List of Illustrations

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pp. ix-x

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Preface and Acknowledgments

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pp. xi-xviii

...innocent travelers. Those months taught me much about the starkness of everyday apartheid. One of the startling experiences was that my own skin color immediately placed me, even implicated me, in the structural logic of race that was defined...

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pp. 1-25

...forward to this local production and clearly expected something between a quality Bollywood movie and the art house genre that dominated the festival. Behind me sat a group of young, smartly dressed couples who spoke a mixture of...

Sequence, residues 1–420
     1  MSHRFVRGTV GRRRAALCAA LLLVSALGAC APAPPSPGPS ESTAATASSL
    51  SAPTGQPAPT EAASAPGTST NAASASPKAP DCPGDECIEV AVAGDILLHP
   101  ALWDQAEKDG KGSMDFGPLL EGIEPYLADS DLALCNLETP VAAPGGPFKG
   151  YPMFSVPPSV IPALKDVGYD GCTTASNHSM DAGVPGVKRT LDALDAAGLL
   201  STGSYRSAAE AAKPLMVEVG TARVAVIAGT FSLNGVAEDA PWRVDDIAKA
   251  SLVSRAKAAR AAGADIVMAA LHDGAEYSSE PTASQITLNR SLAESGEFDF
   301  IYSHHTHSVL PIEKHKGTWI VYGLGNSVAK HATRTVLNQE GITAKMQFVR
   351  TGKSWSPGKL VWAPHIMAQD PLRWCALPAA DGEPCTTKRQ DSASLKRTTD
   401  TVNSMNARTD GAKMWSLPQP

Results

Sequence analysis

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Chapter 1: Ethnicity by Fiat: The Remaking of Indian Life in South Africa

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pp. 26-58

...South Africa. The imperative of putting “African” first signified the overriding emphasis on autochthonous origin as a crucial defining feature of the true citizens of the new South...

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Chapter 2: Domesticity and Cultural Intimacy

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pp. 59-96

...the ancestors in Zululand (White 2011); as displacement of the authority of older men by the new generation of “com-tsotsis” in the 1980s in African townships (Bank 2011; Bozzoli 2004); and as worries about the proliferation of multigenerational...

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Chapter 3: Charous and Ravans: A Story of Mutual Nonrecognition

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pp. 97-141

...sentiments that to this day pervade the white population of the province. This relative invisibility and nonrecognition of other dominated groups, except through (hostile) colonial mediations and their apportioning of patronage and punishment, is intrinsic...